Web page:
One Man, One Hammer, A 64 Square Foot Solar Home
You'll want to see this "One Man, One Hammer, A 64 Square Foot Solar Home" and how it was built. It's always interesting to hear tiny house stories, each one unique in the details of how the tiny house came to be.
This 64 square foot solar home is lived in by Jeff for about 100 days out of the year, along with his wife and dog, while building their larger 1,400 square foot home. Their property which the couple bought in 2003, is in the western mountains of North Carolina. It was Jeff's idea to camp out while building their larger house but soon discovered that their new property was in a temperate rain forest, which mean regular rain not so good for camping. This tiny house was built out of the need to stay dry and warm. The tiny house was at his shop two hours away and brought up in pieces. The tiny house is built from a lot of reclaimed building materials which helped to keep the cost low, costing about $1,500. Jeff estimates that with labor costs a house like this could be professionally built for less that $9,500.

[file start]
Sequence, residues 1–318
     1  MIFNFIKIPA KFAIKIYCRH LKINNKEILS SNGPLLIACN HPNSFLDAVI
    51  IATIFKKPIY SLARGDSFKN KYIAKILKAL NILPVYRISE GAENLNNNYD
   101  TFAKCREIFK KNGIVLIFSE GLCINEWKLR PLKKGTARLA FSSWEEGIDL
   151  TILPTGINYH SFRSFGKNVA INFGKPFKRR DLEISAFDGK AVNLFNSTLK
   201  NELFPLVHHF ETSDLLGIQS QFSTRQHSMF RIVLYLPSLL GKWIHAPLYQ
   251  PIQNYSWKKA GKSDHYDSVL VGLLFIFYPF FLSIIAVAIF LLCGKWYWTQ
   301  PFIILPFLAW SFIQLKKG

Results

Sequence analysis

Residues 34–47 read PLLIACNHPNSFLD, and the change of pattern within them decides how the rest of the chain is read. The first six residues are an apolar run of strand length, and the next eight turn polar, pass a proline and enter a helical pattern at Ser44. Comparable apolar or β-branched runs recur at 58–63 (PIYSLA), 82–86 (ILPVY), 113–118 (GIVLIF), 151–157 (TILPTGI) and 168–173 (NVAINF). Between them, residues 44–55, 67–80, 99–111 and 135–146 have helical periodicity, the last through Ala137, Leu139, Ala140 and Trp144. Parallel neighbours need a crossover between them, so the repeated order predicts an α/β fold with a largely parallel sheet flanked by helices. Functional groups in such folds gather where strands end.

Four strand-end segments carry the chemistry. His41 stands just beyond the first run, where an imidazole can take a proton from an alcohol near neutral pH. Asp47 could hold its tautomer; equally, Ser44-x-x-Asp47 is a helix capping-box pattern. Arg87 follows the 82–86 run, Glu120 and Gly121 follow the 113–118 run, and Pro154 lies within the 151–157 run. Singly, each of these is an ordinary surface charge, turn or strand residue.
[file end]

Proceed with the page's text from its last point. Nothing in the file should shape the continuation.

The tiny house incorporates passive solar design helping to keep the interior about 20 degrees warmer than the temperature outside even when there is snow on the ground. The tiny house measures 8 by 8 feet, and has a marine toilet and queen bed. There is no running water or permanent connection to the power grid. The house does have a nice little outdoor kitchen on one side with a Corian countertop and handy water spigot. The tiny house will one day be used as a garden shed but for now it’s a comfy place to rest on work weekends. One weekend Jeff arrived to find a note on the door from the county saying he had built the shed in a floodplain. A former building inspector himself Jeff figured that the tiny house wouldn’t attract attention because it didn’t fall into the definition of a habitable room, which in this region is 70 square feet. He was somewhat right, but the location of the house in the flood plain is what brought concern. Luckily there was no bed or TV in the room either when the inspector visited. This seems like a good lesson to learn, the more a tiny house looks like a garden shed the less attention it attracts.
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